Four Re-Recruiting Strategies to Increase Engagement
“If you are not recruiting your best people, you’re the only one who isn’t.”
These are the words of Kevin Oakes and Pat Galagan, authors of The Executive Guide to Integrated Talent Management. You make a major investment in recruitment and the candidate experience – as you should; what about the employees you already have and want to hang on to?
The recession is over and it’s become a candidate’s market. Even if your top performers aren’t actively job hunting, they’re constantly being identified, assessed and contacted by corporate recruiters. Don’t take a good thing for granted. By re-recruiting on a regular basis, you nurture relationships with people already in your employ and let them know their value. Re-recruitment is a means to rekindle their excitement, enthusiasm and engagement – redesigning jobs if necessary so your offer tops that of any competitor who may enter the scene.
Why Re-Recruitment is Effective
Re-recruiting employees is a powerful retention and productivity enhancement tactic.
It keeps top performers fresh and motivated. Even well-treated talent will eventually become bored or seek a change of pace. Falling into a rut can occur as often as every 18 months. New opportunities need to be offered frequently, especially among younger millennial employees.
It makes internal offers more exciting. Re-recruiting is based on the principle that top innovators want continued stimulation, need to be doing the best work they can and be making a positive impact.
Unexpected recognition is powerful. Employees are often pleasantly surprised that their company thinks enough of them to recruit them again without the pressure created by an external offer.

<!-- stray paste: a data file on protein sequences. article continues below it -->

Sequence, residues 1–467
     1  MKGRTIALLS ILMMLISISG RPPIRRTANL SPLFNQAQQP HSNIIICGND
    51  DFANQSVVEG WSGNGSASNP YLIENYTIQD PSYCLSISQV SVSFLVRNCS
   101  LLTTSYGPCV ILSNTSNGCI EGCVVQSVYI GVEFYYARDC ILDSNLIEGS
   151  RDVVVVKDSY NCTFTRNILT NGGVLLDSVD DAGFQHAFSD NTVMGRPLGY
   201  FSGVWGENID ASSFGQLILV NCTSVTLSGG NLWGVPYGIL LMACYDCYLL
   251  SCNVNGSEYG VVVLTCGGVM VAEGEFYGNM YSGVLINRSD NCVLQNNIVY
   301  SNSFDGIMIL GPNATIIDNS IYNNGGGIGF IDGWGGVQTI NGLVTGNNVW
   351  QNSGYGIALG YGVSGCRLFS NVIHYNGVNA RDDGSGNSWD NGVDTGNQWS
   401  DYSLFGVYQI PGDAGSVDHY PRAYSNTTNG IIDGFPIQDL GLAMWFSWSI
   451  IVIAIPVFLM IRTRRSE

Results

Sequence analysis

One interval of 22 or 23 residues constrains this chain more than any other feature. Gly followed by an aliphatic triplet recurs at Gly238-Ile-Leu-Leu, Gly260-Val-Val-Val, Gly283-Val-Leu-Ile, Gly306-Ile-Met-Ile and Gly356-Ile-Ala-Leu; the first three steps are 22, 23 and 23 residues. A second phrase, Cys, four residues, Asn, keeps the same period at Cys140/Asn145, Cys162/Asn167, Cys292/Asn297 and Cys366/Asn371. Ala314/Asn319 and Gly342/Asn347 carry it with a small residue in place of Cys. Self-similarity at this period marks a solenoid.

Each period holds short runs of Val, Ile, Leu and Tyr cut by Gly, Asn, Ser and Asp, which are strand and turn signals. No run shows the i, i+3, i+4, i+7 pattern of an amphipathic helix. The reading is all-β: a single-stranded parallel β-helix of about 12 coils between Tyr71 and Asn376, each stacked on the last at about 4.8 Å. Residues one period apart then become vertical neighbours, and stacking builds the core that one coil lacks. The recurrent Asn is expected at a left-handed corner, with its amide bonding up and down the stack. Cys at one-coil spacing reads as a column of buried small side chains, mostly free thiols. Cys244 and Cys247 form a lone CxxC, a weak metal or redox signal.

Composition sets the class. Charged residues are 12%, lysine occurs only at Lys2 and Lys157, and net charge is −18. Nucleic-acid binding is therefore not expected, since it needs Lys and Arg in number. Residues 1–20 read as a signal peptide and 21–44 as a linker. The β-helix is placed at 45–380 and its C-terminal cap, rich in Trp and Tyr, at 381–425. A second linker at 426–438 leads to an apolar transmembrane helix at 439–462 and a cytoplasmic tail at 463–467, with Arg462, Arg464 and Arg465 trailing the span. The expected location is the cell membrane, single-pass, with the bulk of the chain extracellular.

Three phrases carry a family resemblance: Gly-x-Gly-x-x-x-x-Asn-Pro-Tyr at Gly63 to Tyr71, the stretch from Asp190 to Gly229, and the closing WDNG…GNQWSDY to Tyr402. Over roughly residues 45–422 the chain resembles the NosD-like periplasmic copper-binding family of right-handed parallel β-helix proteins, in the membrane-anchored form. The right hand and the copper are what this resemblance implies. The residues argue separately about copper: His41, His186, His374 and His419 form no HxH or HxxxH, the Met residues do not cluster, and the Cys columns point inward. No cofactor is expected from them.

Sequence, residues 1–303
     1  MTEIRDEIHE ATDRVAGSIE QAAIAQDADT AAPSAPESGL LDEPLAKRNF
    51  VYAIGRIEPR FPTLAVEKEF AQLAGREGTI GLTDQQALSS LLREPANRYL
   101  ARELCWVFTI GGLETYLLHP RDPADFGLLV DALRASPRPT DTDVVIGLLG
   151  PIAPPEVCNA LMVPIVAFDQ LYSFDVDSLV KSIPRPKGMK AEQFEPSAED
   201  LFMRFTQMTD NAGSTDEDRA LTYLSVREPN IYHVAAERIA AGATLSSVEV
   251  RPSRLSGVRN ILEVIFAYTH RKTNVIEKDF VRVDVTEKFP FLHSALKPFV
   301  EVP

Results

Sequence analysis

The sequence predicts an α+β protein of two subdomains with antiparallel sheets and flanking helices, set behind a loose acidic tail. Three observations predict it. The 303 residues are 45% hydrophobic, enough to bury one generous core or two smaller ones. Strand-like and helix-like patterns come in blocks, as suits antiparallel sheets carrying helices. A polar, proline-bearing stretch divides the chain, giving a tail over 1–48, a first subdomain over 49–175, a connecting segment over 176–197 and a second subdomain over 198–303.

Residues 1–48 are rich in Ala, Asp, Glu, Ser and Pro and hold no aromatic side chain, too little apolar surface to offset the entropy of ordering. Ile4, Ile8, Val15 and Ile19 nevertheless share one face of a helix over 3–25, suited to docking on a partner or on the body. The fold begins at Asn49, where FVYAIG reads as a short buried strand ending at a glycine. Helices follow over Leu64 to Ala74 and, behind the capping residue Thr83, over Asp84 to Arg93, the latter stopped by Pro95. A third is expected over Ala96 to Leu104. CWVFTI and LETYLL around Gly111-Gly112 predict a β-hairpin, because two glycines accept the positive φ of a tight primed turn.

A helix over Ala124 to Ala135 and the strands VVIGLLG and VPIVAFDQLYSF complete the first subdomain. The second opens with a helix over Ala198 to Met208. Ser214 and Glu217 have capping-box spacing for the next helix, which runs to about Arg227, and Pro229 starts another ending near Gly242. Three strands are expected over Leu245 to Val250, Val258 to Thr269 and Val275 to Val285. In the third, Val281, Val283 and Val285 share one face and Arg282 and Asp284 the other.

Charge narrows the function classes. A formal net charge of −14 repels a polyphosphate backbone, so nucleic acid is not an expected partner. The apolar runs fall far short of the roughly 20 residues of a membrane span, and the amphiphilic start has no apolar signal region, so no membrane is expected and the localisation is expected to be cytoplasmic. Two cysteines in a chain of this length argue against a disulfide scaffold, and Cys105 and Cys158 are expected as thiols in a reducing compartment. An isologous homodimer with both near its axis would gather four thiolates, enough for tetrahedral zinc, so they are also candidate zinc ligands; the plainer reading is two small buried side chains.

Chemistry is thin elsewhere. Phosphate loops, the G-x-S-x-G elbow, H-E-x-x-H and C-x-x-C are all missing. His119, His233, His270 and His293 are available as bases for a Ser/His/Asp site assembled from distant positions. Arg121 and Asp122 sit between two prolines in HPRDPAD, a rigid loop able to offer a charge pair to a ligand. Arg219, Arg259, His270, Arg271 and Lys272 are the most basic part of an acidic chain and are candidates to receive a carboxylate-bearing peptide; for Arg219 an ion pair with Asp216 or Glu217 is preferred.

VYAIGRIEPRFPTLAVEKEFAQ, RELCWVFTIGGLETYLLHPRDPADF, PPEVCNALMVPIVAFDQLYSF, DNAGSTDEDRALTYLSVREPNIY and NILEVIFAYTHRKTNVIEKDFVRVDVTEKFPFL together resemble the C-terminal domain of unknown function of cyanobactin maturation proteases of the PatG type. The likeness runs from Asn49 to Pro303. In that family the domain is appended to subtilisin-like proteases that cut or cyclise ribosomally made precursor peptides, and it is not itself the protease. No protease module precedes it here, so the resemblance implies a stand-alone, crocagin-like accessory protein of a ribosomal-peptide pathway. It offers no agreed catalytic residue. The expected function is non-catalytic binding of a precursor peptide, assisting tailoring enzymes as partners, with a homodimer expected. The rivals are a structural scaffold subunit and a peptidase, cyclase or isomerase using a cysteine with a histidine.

Consider these strategies to build your effective re-recruitment process:
Make It a Priority
The concept is simple: Apply the tools of recruiting to your top current employees. Instead of waiting until you have to vie against a competing offer, be prepared to proactively make one of your own.
Assume you must continually excite top talent. Adopt the premise that unless they’re re-recruited, no one will stay at your company more than 18 to 24 months.
Make re-recruiting a management duty. Include the successful re-recruitment of a percentage of employees each year as part of managers’ bonus criteria.
Once is not enough. Re-recruiting needs to happen on a regular basis if you expect people to stay loyal and productive – or stay at all.
Develop a Toolkit
Re-recruiting is challenging for some managers, so provide the tools and support they need to make it happen.
Include a list of offerings managers can make to individuals based on their unique needs. Possibilities may include telecommuting, flex time, tuition assistance or the option of picking their own projects.
Consider an internal online re-recruiting forum. Use it to exchange ideas and share challenges among managers and colleagues.
Provide talking points. Managers may need a script to guide them through re-recruitment discussions.
Identify Flight Risks
Develop a list of indicators that can help managers assess which employees are at risk of leaving the company. Then you can prioritize your efforts with a focus on those individuals.
Pinpoint precursors to a resignation. These may include the length of time an employee has spent at previous jobs, the number of frustration or excitement factors associated with their present position, or whether or not they are overdue for a raise or promotion.
Create Personalized Retention Plans
Because you’re targeting only top performers, you can afford to formulate individualized re-recruitment plans. HR should work with managers on plans for each targeted employee.
Know their pain points and what makes them tick. Each plan should center on the individual’s personal goals, motivators, intermediate success measures and who is accountable for each step.
Who better to partner with as you perfect your re-recruitment process than an experienced professional recruiter? To learn more about the options available to you, contact the executive search consultants at BrainWorks today.